Flood 2012 swamps Russia: Does Early Warning Works?

The weather has waged quite a battle against Russia since Friday night when heavy rains caused massive flooding in the southern part of the country.  Over 12,000 people have been effected, with many poorly constructed homes simply collapsing on top of its inhabitants. The equivalent of five months’ rain fell overnight in some southern parts of the country, and the death toll is likely to rise 150 as more bodies are discovered. People are on the street, they are at a loss what to do. Helicopters are flying overhead, they are evacuating people from the flooded areas. Flood is a common phenomena in Russian even though its seems people are not fully prepared for it. St. Petersburg is often threatened by floods as most of its downtown territory is located just several feet above sea level. The founder of the city, Peter the Great, had chosen a very low-lying area on which to build St. Petersburg and from its very foundation, floods were a major problem. In August 1703, three months after the city was founded, the waters of the Neva River rose 6 feet above normal levels and washed away construction materials for the Peter and Paul Fortress. The city has experienced over 270 major floods since then.  The largest flood occurred on November 19 1824, when the river reached 13.5 feet (410 centimeters) over the usual level. On that day most of the city was flooded, between 208 and 569 people were drowned and 462 houses were destroyed. The second severest flood (over 12 feet high) was in 1924. In some areas of the city the water flowed to a height of 7-8 feet and many of the ships in the port were washed ashore.

Most of the floods take place in the fall and early winter when all the above negative factors combine. Since the 18th century the level of the city’s streets has been increased significantly, but some of the areas close to the rivers and canals can still be seriously damaged during major floods. In the 1970s the decision was taken to build a long dam across the Gulf of Finland (west of St. Petersburg), which would protect the city from the affects of the floods. However, the project was not completed due to a huge environmental controversy and a lack of funding. Meanwhile, the problem is far from solved and the city awaits the next major flood with a distinct air of apprehension.

It has long been recognized that when communities have advance information on flood forecasts; the adverse effects associated with it are often minimized. Flood warnings provide a well established way to help reduce risks to life and property during flood events. Hydrological forecasts are often used as a component of flood warning systems, and can improve the accuracy of warnings and the lead time available, giving more time to protect property and evacuate areas at risk. Prevalence of traditional forecast practices in various parts of the world reflects the demand for long range forecasts and appropriate interpretation of the probabilistic long lead forecasts to manage uncertainties associated with climate variability.  Russia could learn lessons from the past to build a better future.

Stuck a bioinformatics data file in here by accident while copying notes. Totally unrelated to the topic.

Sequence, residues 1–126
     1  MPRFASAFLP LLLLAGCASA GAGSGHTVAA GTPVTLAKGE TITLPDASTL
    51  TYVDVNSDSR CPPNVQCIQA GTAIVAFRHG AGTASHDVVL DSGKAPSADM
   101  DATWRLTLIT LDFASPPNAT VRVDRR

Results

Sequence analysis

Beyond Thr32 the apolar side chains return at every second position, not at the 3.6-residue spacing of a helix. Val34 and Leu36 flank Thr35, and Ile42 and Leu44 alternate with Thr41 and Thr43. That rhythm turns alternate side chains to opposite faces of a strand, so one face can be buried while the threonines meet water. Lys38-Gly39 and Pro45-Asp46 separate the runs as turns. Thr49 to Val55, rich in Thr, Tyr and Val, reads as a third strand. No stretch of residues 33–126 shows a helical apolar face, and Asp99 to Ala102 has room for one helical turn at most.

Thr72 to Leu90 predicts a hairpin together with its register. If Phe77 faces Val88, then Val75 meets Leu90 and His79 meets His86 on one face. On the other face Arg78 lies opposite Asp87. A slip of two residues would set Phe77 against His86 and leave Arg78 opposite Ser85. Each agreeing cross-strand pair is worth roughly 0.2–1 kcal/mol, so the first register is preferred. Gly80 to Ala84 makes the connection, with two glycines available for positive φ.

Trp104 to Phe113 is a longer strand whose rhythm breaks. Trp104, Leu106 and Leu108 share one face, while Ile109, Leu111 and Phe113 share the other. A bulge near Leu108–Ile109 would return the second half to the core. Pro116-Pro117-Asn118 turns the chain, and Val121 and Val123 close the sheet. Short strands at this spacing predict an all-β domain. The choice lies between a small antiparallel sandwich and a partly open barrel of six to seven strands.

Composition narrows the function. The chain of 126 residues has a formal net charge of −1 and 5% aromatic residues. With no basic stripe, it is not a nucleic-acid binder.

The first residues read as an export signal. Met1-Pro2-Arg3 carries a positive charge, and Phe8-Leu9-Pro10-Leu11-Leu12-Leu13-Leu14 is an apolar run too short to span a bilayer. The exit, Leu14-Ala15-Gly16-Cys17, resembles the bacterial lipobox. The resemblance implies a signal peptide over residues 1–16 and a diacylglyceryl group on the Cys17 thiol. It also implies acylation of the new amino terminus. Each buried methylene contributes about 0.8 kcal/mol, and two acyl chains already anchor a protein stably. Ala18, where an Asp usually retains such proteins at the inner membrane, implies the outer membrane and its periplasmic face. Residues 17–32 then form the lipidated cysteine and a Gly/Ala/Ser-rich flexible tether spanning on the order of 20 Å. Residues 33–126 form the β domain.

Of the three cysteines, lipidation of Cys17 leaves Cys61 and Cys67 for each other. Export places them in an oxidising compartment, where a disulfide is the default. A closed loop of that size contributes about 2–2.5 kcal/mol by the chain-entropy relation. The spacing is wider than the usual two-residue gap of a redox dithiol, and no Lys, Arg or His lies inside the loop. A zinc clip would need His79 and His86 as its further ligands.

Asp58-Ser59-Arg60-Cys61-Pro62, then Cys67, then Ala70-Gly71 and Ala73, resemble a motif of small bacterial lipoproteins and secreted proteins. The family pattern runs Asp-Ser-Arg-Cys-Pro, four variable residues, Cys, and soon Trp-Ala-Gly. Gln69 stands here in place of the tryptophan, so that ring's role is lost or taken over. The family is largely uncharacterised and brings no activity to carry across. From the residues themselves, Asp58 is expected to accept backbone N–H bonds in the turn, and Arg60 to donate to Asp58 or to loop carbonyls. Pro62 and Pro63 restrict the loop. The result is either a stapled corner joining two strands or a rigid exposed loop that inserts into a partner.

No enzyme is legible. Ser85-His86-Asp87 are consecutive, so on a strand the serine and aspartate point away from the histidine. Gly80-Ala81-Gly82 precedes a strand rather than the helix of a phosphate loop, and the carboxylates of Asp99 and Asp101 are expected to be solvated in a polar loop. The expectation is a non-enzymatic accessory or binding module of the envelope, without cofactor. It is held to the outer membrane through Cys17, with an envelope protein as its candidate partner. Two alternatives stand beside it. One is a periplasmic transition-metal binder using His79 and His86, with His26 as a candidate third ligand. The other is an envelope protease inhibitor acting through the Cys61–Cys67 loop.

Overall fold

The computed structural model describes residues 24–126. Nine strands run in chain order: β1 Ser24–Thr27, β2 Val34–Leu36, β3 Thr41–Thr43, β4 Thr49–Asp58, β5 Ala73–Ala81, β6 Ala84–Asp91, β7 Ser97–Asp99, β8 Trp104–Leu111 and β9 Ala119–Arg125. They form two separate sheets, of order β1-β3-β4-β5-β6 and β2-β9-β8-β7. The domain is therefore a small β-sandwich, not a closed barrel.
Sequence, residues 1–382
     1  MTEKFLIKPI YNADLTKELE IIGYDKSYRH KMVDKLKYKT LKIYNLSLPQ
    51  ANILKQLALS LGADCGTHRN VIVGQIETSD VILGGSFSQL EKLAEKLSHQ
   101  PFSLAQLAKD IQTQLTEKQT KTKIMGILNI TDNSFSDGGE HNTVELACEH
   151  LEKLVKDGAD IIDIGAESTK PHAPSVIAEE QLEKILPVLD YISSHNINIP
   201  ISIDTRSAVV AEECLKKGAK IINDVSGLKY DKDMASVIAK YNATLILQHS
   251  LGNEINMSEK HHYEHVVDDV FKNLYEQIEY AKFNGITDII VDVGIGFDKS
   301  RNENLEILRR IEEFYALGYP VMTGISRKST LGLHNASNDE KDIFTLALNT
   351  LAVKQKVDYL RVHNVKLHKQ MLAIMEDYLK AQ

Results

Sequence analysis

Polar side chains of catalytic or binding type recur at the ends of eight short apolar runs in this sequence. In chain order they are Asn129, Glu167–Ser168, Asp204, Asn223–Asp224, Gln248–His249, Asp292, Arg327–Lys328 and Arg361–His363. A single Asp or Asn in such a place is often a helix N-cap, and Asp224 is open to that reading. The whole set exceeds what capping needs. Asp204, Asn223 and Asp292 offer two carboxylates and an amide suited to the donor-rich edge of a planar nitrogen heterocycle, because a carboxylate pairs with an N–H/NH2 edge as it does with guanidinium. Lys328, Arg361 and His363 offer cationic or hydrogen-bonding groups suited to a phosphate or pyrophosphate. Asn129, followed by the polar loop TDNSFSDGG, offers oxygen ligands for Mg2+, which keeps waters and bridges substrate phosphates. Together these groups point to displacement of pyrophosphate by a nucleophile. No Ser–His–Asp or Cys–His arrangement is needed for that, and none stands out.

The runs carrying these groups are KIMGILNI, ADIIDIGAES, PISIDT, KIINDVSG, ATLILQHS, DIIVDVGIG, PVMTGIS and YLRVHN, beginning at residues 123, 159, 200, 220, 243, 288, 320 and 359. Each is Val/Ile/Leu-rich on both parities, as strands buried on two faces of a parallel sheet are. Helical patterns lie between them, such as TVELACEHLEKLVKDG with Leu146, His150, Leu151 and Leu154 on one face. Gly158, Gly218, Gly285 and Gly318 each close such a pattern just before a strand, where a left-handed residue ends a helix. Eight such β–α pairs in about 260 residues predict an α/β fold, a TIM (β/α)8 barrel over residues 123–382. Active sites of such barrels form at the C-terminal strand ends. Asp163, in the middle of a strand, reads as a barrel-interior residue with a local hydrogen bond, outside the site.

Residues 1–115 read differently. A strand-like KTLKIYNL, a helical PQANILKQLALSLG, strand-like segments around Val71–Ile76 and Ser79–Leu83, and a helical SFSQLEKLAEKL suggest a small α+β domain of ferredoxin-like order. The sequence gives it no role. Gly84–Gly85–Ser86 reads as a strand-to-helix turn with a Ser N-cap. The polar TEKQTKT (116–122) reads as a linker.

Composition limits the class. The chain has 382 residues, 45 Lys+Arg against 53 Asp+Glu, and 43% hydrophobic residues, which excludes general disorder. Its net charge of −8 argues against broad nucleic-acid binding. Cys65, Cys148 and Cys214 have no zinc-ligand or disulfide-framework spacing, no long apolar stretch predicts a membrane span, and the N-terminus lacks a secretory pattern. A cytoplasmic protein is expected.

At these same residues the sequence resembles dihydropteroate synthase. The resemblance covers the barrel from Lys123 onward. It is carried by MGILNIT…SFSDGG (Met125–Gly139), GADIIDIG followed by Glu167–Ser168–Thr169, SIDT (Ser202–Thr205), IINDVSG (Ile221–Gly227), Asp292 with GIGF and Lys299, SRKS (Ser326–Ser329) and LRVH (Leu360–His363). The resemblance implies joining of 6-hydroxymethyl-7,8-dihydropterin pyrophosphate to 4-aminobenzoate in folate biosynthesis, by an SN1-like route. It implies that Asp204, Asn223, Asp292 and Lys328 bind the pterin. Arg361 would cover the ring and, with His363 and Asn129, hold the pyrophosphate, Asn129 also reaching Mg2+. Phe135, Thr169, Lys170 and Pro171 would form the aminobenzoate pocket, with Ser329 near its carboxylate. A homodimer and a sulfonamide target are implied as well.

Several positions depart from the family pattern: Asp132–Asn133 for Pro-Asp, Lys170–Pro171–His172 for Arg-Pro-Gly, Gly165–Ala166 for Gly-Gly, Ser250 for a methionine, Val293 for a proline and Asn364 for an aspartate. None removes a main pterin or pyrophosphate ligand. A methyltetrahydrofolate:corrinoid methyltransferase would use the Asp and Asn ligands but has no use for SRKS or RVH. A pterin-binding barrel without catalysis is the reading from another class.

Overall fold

Published by Bapon Fakhruddin

Dr Fakhruddin is an expert climate change risk assessor with 18 years’ global experience in working on disaster risk and climate resilience projects. This experience is a major advantage in climate change adaptation and mitigation strategy development. His key areas of expertise are climate and multi-hazard risk assessment, disaster preparedness, early warning and emergency response and coastal community resilience. He has designed climate change and disaster response projects more than 25 countries in Asia and the Pacific. During his career, Dr Fakhruddin helped to design major international multi-hazard early warning systems for floods, cyclone and tsunami to save life and property damage. His most high profile work has been developing multi-hazard warning systems including a tsunami warning system for Indian Ocean countries following the deadliest one in history - the 2004 Boxing Day Tsunami. Dr Fakhruddin is currently work as a mentor and supervisor for postgraduate study in disaster risk management in University of Auckland (UoA). He is a Science Committee Member of IRDR of ICSU/UNISDR, Co-Chair for the Disaster Loss DATA and Risk Interpretation and Applications (RIA) Working Group of IRDR of ICSU/UNISDR. He is also Co-Chair CODATA task group Linked Open Data for Global Disaster Risk Research (LODGD) and PSG member of the Coastal Inundation Forecasting Demonstration Project (CIFDP) and Open Panel of Commission for Hydrology Experts (OPACHE) of WMO. Recently Dr Fakhruddin appointed by the Government of New Zealand to develop national climate change risk assessment framework

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